How to Easily Remove Pet Hair from Your Apartment
We all love our furry friends and view them as part of our family. A wonderful family member who happens to shed hair in every conceivable space in our home. This comes with the territory when you decide to become the proud owner of a cat or dog. You've likely noticed shedding happening on your furniture, carpet, clothing, and hardwood-style floors. However, you don't have to live with all that pet hair. While it may seem like a daunting task, it's possible to remove hair from whatever surface your animal seems to target in your apartment.
Make Grooming a Regular Habit
This job is going to be a lot easier, and less frequent, if you pay attention to where the problem is actually coming from. Your pet! The majority of pets don't just have a single season when they shed, though warmer seasons are usually worse. A great way to prevent a build-up of pet hair on your furniture and flooring is to groom your pet regularly. You can either do this yourself, by brushing and bathing your pet, or by using a professional groomer.
If you decide to take care of this yourself, be sure to check with your veterinarian for tips and tricks! Regularly grooming your animal helps to naturally ease them of excess hair before it becomes a problem. If you groom them in a bathtub for instance, you can easily wash away the fur, and quality brushes will hold the hair for easy removal. Many of our Essex communities offer pet-friendly amenities for your four-legged friends, with several boasting convenient on-site pet spas with dedicated washing stations, like Reed Square in Sunnyvale, CA.
Now that you've started grooming habits to help prevent shedding, you can focus on the inevitable amount of hair you'll still notice on your furniture and clothing.
For upholstered furniture, you have a few options. Start by using a textured rubber glove, and running it along your furniture in a circular motion. Make sure you get the glove wet first, so it picks up more hair, and then you can easily rinse it off when needed. If you don't have a rubber glove, a simple spray of water and fabric softener will also help remove fur from soft furniture. Use a sponge to collect any pet hair, but even a paper towel will do the trick. For a quick tidying up, a dry fabric sheet will work surprisingly well, thanks to static electricity.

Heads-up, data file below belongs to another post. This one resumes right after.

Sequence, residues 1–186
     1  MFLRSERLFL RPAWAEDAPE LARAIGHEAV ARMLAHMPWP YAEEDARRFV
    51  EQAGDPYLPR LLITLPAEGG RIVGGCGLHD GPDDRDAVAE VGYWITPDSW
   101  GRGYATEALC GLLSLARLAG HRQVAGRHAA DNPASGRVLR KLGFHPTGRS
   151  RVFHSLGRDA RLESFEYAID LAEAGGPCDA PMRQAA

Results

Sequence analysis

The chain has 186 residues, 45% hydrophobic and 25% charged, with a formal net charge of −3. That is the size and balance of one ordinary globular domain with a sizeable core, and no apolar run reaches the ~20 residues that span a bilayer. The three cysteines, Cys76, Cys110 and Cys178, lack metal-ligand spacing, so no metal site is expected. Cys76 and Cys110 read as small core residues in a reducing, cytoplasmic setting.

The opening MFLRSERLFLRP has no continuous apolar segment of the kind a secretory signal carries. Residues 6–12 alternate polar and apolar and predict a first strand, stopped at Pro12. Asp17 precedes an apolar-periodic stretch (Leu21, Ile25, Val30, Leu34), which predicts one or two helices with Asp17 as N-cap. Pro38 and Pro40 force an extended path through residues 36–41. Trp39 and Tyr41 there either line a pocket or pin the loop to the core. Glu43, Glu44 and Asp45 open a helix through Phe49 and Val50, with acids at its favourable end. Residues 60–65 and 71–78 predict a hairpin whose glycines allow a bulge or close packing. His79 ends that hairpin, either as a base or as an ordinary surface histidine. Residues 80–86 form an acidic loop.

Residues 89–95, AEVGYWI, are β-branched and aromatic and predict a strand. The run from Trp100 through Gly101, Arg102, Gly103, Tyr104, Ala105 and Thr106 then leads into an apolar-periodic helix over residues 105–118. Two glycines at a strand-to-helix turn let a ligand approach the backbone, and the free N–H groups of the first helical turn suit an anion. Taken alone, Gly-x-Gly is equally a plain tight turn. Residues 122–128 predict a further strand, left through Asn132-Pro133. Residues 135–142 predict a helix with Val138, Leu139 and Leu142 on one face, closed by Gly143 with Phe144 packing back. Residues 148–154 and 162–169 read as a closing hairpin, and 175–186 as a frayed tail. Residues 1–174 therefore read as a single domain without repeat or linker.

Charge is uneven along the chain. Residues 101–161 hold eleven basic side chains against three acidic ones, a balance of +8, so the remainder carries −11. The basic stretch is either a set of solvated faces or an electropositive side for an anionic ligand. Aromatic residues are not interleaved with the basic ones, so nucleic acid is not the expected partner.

For wood furniture, you will need an anti-static dusting spray and a cleaning cloth. This combination is gentle on your furniture, so you won't have to worry about any damage. A dryer sheet also works well with wooden furniture, though you might have to use a few so you're not reintroducing hair as you work. If you find the bottom of furniture legs collecting large amounts of pet hair, a nail file can be used to scratch it off.
You don't have to get used to always having trace amounts of pet hair on your clothing. The same gloves you used on your furniture can also be great for clothing. A quick trick right before you leave the house is to use a lint roller. Simply run it along your clothes wherever you see any pet hair. Lint rollers also work well in your car.
If you have a large job, the best option is to do a load of laundry. The key is to loosen the pet hair out before you put it in the washer. Do this by putting your clothes in the dryer for ten minutes, on a heat free, tumble-only cycle. Then shake everything out before throwing it in the washer. When it's time to dry again, dry on the usual setting, with a fabric sheet or two. A final trick, adding a 1/2 cup of white vinegar right before you wash your clothes will help relax the fabrics, removing more hair in the wash.
Pet hair on your carpet can become a big problem when it starts to build up. Start by dusting your carpets with baking soda, which will help loosen hair and also deodorize. You'll notice a big difference when you vacuum after this trick. What vacuums won't pick up can often be solved with a pumice stone. Simply run it along stubborn spots. Finally, a kitchen sponge mop lightly sprayed with water is a solution when you just can't seem to remove the hair. This provides a great deep clean.
This type of flooring is a bit easier. Whatever method you decide to use, don't start with a vacuum. This will simply blow the hair around, expanding your mess. Wet mopping can always work with tiles and laminate, and you likely already have one somewhere around the house. For a different option, a microfiber mop can be a game-changer, and it is also eco-friendly. Using a rubber broom is our favorite trick. They have electrostatic properties and seem to attract hair like a magnet. When you're finished, you can always go over everything one last time with a vacuum.
Dealing with pet hair in your apartment can be frustrating! Use these tips to make your life a little less furry, and your apartment space a whole lot cleaner.
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